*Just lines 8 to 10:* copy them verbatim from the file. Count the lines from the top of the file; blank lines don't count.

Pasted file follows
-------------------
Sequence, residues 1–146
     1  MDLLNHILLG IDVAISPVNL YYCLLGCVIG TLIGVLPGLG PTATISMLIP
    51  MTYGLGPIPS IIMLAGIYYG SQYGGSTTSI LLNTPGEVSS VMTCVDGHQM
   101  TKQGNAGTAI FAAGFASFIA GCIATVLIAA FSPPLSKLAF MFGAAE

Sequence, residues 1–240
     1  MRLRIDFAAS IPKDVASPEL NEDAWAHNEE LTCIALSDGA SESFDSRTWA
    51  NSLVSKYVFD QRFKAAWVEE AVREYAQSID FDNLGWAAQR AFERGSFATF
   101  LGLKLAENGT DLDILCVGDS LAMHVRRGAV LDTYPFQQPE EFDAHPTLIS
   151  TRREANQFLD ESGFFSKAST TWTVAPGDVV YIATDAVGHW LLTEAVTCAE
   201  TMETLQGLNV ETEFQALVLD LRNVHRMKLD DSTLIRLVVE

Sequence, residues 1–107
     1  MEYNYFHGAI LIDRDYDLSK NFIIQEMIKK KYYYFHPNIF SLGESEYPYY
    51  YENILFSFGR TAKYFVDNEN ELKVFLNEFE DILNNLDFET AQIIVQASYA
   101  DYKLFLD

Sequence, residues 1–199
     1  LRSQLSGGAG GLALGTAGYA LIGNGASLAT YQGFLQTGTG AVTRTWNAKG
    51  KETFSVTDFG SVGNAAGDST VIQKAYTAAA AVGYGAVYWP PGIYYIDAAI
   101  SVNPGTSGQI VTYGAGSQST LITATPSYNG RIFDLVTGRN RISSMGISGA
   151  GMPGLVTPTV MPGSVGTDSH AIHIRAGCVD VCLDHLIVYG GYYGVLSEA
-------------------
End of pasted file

   101  LGLKLAENGT DLDILCVGDS LAMHVRRGAV LDTYPFQQPE EFDAHPTLIS
   151  TRREANQFLD ESGFFSKAST TWTVAPGDVV YIATDAVGHW LLTEAVTCAE
   201  TMETLQGLNV ETEFQALVLD LRNVHRMKLD DSTLIRLVVE